CME Group’s SOFR futures reached record trading volumes after the last Federal Open Market Committee meeting and as regulators have urged a shift from the Libor reference rate.
Five-day average daily volumes in CME’s SOFR futures rose to 223,000 contracts, including on the day of the FOMC meeting.
After the financial crisis there were a series of scandals regarding banks manipulating their submissions for setting benchmarks across asset classes, which led to a lack of confidence and threatened participation in the related markets. As a result, regulators have increased their supervision of benchmarks and want to move to risk-free reference rates based on transactions, so they are harder to manipulate and more representative of the market.
The US Alternative Reference Rates Committee (ARRC) has selected SOFR to replace US dollar Libor, although other new reference rates have also been launched.
The UK Financial Conduct Authority said in March this year that Libor settings will either cease to be provided by any administrator or no longer be representative immediately after 31 December 2021 for all sterling, euro, Swiss franc and Japanese yen settings, and the one-week and two-month US dollar settings. The remaining US dollar settings will end immediately after 30 June 2023.
On June 8 a subcommittee of the US Commodity Futures Trading Commission recommended a “SOFR First” initiative in which interdealer brokers replace trading of Libor linear swaps with SOFR linear swaps from July 26 this year.
“This step will cause trading activity amongst swap dealers on these platforms, which account for a substantially large share of trading in the interest rate swap markets, to switch from Libor to SOFR,” said the CFTC in a statement.
The SOFR First best practice recommends keeping interdealer brokers’ screens for Libor linear swaps to be switched off after October 22 this year.
Randal Quarles, vice chair for supervision at the Federal Reserve Board and chair of the Financial Stability Board, said in a statement that this important step will increase the volume of transactions quoted in SOFR and fulfil the final market indicator for the implementation of a term rate for SOFR.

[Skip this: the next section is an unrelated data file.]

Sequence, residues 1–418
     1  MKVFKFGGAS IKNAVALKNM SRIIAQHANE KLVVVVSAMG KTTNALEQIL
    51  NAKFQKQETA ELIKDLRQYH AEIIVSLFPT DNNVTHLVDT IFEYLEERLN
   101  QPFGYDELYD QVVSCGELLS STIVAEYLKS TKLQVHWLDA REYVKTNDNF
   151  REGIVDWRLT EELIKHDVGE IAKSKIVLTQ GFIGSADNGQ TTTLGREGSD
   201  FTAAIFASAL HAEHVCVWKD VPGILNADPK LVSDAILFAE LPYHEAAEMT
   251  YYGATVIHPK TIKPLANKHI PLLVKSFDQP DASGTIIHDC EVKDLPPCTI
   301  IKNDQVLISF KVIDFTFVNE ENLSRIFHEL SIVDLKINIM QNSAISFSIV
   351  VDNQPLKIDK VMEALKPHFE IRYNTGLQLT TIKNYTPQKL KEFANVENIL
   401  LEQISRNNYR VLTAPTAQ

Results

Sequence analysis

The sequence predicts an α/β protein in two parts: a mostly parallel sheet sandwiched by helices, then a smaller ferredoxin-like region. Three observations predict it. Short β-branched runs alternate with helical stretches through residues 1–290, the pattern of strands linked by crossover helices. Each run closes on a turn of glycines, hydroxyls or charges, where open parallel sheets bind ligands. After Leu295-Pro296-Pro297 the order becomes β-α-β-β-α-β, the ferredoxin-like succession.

“As a result, term SOFR will be available upon implementation of the change in quoting conventions, removing the last obstacle to using SOFR as a replacement reference rate,” Quarles said. “There is now no excuse to delay transition as the path that leads beyond LIBOR could not be clearer.”
Derivatives analytics provider Clarus Financial Technology said in a blog: “Wow! Another gun has been fired in the transition from Libor to SOFR.”
Clarus said that a large portion of inter-dealer trading in US dollar swaps is not in outright Libor versus fixed swaps but in spreadovers (to US treasuries).
“So it was interesting to see a market response on the 9 June, with the first SOFR Spreadovers trading,” added Clarus.
The analytics provider noted there is a lot of work to do by July 26 as broker screens such as TP-ICAP’s 19901 are long established and crucial in fixed income, in addition to the impact on quoting conventions, market making, trade booking, risk management, clearing, settlement and accounting.
On 24 June the European Commission, the European Central Bank, the European Banking Authority and the European Securities and Markets Authority urged market participants to substantially reduce their exposure to Libor.
The European authorities said firms should stop using the 35 Libor settings as a reference rate in new contracts as soon as practicable and by the end of this year, and include robust fallback clauses nominating alternative rates in all contracts referencing Libor.
The UK has chosen Sonia as the risk-free rate to replace Libor.
In May the FCA and Bank of England said market participants should switch to Sonia in the sterling exchange-traded derivatives market from 17 June. The Bank of England’s working group on sterling risk-free reference rates said firms should cease initiation of new sterling Libor exchange-traded derivatives expiring after 2021 by end of the second quarter of this year, other than for risk management purposes.
Andy Ross, chief executive of CurveGlobal, said in an email that nearly half, 45%, of the London Stock Exchange Group’s interest rate derivatives venture’s sterling futures volumes was in Sonia Futures in May, up from only 13% in October last year.
“CurveGlobal Sonia futures remain the only Sonia future where participants can also achieve margin offsets at LCH when offset versus cleared interest rate swaps,” Ross added.“The move to alternative reference rates is a huge shift of the market and CurveGlobal is continuing to support participants in this important effort.”
Sonia volumes in May volumes were also 13 times higher than in September, before the fee holiday started, and Sonia open interest is up almost 70% since 1 October last year.
CurveGlobal said in a statement it has also agreed to provide customers of Trading Technologies International platform with free access.
“TT’s customers who are not currently connected to Curve will be able to trade short term interest rate futures with no market access provider (MAP) fees, enabling them to benefit from growing volumes and open interest on CurveGlobal, particularly in Sonia-linked instruments,” added the statement.